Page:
Sundance has always celebrated diverse voices, and the 2018 edition of the festival is no different. This year, 38% of movies here are directed by women and 32% of movies are from non-white directors. Here are the five biggest questions facing studios and filmmakers as the festival launches.
1. Will Amazon and Netflix Continue to Dominate the Market? The past two Sundances have been tales of two streaming giants. Flush with cash, Amazon and Netflix have nabbed most of the festival’s hottest titles, paying high seven figures and eight figures for the likes of “Mudbound,” “The Big Sick,” “Manchester by the Sea,” and “Icarus,” while leaving more traditional studios to fight for scraps. That may be changing, however. Amazon is producing more movies and buying fewer completed films, and Netflix has faced some pushback from filmmakers who don’t want their work to debut on the streaming platform with only a nominal theatrical run. If Amazon and Netflix stop writing checks, will a new player enter the fray promising big paydays? And after months of throat clearing about producing original content, could Apple or Facebook finally make a splash? The time may be ripe for a new digital goliath to emerge.
2. Will Fox Searchlight Splurge Again? The indie label has been a force at past Sundances, but a looming sale of its parent studio, 20th Century Fox, to Disney could make the company wary of breaking out the checkbook. That might be a good thing. Searchlight has made several bad deals at recent Sundances, splurging millions on “Patti Cake$,” “Me and Earl and the Dying Girl,” and “The Birth of a Nation” only to see them bomb at the box office. Recent Searchlight hits such as “The Shape of Water” and “Three Billboards Outside Ebbing, Missouri” were all developed internally, which may be a safer way to go.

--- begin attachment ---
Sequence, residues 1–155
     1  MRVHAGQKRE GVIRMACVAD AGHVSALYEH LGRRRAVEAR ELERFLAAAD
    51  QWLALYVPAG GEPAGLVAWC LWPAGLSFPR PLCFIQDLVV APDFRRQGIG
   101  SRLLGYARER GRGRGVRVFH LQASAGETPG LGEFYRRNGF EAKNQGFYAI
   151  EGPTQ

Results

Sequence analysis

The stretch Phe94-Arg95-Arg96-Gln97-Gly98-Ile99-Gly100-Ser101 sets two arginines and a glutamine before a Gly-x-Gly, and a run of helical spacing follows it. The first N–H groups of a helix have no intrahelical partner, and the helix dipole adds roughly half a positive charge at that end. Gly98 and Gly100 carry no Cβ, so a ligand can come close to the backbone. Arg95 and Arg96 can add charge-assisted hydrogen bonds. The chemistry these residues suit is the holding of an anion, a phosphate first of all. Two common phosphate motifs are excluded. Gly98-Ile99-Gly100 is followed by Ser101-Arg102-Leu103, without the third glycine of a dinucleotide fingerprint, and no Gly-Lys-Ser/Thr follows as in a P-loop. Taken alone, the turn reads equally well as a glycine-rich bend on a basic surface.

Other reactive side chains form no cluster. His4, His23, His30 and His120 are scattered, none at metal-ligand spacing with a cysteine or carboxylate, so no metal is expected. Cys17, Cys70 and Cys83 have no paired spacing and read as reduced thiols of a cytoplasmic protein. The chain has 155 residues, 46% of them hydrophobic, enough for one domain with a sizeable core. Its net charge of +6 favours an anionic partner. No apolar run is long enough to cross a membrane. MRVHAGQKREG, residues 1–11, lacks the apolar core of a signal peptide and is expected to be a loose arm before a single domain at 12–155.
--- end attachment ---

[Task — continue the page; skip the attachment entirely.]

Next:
3. Will Sundance Kick off the 2019 Oscars? Last year’s Sundance unveiled a record number of awards contenders, including “Call Me by Your Name,” “Get Out,” “Mudbound,” and “The Big Sick.” And recent editions of the festival have seen the debuts of such Oscars best picture contenders as “Boyhood,” “Whiplash,” “Manchester by the Sea,” and “Brooklyn.” It’s not just that the movies playing at Sundance have gotten better. It’s that, in the last decade or so, the Oscars have gone decidedly more independent. Among the buzzier titles that could be among next year’s awards darlings: “Juliet, Naked,” a comedy adapted from a Nick Hornby novel, starring Ethan Hawke; “Monsters and Men,” a drama about the justice system; and “The Miseducation of Cameron Post,” a gay conversion therapy drama starring Chloe Grace Moretz.
4. How Political Will Sundance Be? Donald Trump, and the #Me Too and Time’s Up movements will likely loom large at this year’s festival. It’s been quite a year for Hollywood. The Weinstein scandal has exposed a series of sexual harassers and abusers, and galvanized women in the industry who are sick of being under-paid, under-represented, and subjected to hostile work environments. There’s already a women’s march planned for Saturday morning, and it stands to reason that there will be a lot of fiery speeches when filmmakers and festival organizers take the stage to premiere new films.
5. Who Will be the Sundance Breakout Stars? Twelve months ago, a mention of Timothee Chalamet’s name drew blank stares. Now, he’s a certified Oscar contender thanks to “Call Me by Your Name.” Throughout its history, Sundance has been a launching pad for promising talent. Directors such as Quentin Tarantino, Ryan Coogler, and Dee Rees all got their starts at the mountainside festival, while actors such as Jennifer Lawrence, Joseph Gordon-Levitt, and Michael B. Jordan have all emerged as performers to watch following buzzy turns in Sundance favorites. Who will join their ranks this time?